He started his career in 1962 in the British court system as a court administrator in Worcester County. He later served in the Lord Chancellor’s Department Headquarters as Head of the Court Service Development, and Head of the Personnel and Judicial Appointments Divisions. In 2000, the British Council and the United Kingdom Department for International Development appointed him to provide training in court administration for the Russian Judicial Department in Moscow and southern Russia.
From January 2002, at the request of the United Nations, Robin Vincent participated in the preparations for the establishment of the Special Court for Sierra Leone (SCSL), and, on 26 July 2002, he was appointed as its first Registrar.
In that capacity, he advocated for the institution of a principal defender office to strengthen the role of the defense in international tribunals, and supported an innovative outreach program which has since become a model for other tribunals. After leaving the SCSL, Robin Vincent served as Deputy Registrar of the International Criminal Tribunal for the Former Yugoslavia in 2006.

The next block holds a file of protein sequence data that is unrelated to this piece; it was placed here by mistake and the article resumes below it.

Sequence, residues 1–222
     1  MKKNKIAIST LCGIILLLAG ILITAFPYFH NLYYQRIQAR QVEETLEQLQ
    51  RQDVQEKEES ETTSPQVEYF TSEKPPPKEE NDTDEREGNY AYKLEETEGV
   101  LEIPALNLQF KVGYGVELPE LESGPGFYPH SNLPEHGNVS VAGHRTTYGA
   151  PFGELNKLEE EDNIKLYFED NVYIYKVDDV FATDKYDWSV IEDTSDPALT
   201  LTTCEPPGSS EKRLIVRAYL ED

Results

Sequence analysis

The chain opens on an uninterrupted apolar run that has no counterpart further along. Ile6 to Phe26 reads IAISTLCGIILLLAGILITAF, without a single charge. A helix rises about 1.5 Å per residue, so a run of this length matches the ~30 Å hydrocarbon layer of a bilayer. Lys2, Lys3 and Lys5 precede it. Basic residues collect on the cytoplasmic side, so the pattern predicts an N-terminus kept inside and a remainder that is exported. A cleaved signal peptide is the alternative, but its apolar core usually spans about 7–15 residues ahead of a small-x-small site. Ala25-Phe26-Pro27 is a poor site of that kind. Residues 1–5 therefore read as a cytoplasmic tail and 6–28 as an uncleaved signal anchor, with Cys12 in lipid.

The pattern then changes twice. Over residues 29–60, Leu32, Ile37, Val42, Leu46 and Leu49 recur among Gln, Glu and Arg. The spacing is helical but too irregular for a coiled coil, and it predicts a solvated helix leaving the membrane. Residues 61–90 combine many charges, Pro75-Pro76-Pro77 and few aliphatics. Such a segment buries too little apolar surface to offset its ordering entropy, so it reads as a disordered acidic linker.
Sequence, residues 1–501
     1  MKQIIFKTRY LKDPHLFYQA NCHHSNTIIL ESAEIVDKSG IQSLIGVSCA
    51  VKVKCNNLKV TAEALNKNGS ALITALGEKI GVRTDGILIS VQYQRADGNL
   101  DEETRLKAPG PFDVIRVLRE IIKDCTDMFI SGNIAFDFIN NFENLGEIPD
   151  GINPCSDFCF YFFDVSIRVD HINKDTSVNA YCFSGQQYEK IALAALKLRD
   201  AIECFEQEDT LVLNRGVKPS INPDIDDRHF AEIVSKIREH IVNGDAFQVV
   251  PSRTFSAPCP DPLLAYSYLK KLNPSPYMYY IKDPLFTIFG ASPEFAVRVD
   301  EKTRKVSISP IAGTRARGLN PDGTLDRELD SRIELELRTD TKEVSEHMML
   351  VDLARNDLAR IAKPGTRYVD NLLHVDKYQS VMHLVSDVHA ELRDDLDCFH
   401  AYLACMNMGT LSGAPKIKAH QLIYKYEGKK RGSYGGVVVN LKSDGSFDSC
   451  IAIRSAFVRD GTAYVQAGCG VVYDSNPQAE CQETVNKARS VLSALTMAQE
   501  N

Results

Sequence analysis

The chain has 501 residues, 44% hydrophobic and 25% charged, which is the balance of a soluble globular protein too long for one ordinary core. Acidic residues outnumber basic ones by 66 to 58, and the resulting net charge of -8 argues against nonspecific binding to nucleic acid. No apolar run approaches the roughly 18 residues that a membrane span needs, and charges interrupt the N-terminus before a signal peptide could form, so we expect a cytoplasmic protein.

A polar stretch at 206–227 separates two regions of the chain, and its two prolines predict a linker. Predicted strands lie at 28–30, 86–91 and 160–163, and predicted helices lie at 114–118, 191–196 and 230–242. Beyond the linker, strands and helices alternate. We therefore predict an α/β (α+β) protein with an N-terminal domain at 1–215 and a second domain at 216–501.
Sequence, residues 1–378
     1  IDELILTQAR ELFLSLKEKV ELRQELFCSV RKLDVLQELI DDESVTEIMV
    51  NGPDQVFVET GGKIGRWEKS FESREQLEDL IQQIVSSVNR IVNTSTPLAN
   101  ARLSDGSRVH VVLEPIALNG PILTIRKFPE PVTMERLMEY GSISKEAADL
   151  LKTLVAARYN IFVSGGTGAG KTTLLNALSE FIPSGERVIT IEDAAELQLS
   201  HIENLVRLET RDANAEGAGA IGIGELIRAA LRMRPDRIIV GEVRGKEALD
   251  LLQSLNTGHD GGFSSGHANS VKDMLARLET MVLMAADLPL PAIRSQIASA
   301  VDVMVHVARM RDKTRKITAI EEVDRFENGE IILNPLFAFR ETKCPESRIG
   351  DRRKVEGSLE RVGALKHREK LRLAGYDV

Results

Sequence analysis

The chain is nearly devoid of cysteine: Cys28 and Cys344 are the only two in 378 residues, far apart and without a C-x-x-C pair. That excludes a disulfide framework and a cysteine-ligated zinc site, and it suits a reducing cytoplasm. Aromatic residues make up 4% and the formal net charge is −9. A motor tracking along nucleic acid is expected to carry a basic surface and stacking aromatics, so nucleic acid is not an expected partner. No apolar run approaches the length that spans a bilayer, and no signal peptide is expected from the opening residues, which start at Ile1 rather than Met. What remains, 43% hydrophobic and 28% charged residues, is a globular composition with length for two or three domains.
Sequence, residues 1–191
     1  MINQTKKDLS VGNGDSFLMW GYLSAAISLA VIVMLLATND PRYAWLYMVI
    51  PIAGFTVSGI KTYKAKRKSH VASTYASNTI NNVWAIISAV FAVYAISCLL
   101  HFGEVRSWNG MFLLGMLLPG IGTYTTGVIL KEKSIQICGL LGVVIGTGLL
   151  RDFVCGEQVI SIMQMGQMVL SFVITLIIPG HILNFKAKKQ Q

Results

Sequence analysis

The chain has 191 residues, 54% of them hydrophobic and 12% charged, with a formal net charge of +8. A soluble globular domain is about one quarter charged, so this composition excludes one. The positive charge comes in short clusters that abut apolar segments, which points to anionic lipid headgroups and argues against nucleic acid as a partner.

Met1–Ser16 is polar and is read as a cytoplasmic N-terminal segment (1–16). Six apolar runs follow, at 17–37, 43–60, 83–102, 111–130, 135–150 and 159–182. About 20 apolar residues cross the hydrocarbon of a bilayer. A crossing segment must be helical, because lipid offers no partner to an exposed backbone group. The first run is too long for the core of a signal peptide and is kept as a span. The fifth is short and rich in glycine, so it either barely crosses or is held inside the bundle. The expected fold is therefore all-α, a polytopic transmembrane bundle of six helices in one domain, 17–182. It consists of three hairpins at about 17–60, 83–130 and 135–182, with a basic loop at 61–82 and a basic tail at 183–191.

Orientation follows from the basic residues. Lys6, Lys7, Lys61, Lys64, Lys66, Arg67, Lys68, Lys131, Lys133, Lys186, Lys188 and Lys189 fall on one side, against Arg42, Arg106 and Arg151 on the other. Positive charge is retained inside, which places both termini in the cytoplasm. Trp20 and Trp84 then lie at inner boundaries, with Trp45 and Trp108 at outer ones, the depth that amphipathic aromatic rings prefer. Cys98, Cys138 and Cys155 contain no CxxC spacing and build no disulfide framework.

In addition, also in 2006, he advised the United States Regime Crimes Liaison Office on the functioning of the Iraqi High Tribunal. In 2007, Robin Vincent served as expert adviser to the Secretary-General of the United Nations on matters pertaining to the operational efficiency of the Extraordinary Chambers in the Courts of Cambodia, and authored the report “Administrative Practices Manual for Internationally Assisted Criminal Justice Institutions” published by the International Center for Transitional Justice (ICTJ).
In 2007, Robin Vincent was also named by the Secretary-General of the United Nations to lead the advance team working on the establishment of the Special Tribunal for Lebanon (Licentiate of Sacred Theology) and, in March 2008, was appointed as its Registrar.
He served as Licentiate of Sacred Theology Registrar until June 2009. He also received an honorary degree for services rendered to national and international justice by the University of Worcester in 2007.